Home page Miscellaneous Projects Built mainly from my "Junk Box".
PW Marchwood 13.8V 30A Power Supply
Every radio amateur need a good shack power supply and as the ones I had looked at in emporia and rallies were quite expensive I decided to build my own mostly from my junk box.
The circuit used was the PW Marchwood 30Amp by G4JET and a two part article featured in Practical Wireless June 1983 with a complete parts list and build instructions. It was a fairly easy project to build and the only job I couldn't do myself was the PCB which a friend kindly made for me. The majority of bits were from the junk box or left over new items from previous projects. some of the bits are an overkill but that's what I had and used, Below are some photos of the completed supply which I built in the mid 80's and still in trouble free use today. Below are a few photos of the PSU with the top cover removed which gives and idea of the layout.
RF PEP Power Meter
After being given the remains of a Bird Panel Wattmeter by a friend I decided to put it into an enclosure and have another meter to monitor RF input to my VHF Linear Amplifier. The remains consisted of the meter, the RF sensing unit and the attaching cable assembly so all I had to do was to find a suitable box in which to house my project. In the junk box I found a used die cast box of near suitable dimensions with the odd hole here and there but managed to miss the holes or open them up to accommodate the meter and switch etc. Also I had an old LAN TECHNOLOGY PEP board lying around, this was refurbished and used in the project.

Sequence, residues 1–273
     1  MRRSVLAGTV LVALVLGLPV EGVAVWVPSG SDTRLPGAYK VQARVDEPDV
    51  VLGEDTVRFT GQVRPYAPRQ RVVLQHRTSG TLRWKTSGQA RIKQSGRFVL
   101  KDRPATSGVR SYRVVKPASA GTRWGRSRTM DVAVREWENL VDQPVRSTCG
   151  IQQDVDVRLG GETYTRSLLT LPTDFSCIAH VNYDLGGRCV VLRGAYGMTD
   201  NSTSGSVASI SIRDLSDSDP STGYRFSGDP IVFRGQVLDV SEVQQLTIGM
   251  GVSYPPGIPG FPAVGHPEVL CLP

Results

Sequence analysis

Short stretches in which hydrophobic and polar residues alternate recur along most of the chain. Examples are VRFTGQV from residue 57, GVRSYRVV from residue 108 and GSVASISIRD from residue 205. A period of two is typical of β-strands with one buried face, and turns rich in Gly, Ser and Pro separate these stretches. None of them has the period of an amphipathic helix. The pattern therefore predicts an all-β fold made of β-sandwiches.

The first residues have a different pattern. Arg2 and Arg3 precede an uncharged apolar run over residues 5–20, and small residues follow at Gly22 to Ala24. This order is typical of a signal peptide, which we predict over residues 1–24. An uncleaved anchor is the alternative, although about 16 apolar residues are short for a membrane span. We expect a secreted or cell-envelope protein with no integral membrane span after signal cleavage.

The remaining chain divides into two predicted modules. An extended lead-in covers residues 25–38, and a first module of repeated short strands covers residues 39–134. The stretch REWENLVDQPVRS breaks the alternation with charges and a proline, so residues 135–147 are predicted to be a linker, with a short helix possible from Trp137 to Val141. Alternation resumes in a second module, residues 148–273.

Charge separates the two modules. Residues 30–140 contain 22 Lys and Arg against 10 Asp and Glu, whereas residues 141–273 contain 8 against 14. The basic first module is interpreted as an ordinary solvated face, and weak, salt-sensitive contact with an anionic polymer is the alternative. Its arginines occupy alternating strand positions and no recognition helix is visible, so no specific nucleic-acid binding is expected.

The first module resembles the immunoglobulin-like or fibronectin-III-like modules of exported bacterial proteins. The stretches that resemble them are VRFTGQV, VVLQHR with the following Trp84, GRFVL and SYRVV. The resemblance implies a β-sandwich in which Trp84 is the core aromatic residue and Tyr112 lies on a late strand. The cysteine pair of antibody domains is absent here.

Basically all that was needed was careful marking out cutting and filing the box until the bits were a snug fit, Once that was done the bits were removed to allow the box to be painted before final assembly. After painting the box all that remained was to final fit the parts for adjustment and testing, One minor issue was the depth the box was quite narrow making it unstable in the vertical position so an extended rear foot was added and this cured the problem.
The PEP board was tested and calibrated and the meter put into service, Although it looks a bit odd it's fit for function and is a lot cheaper than a true "Bird" version, the PEP board is powered my a 9v battery or an external power source. Below are a few photos of the project. The wattmeter works perfectly and is a welcome addition to my shack.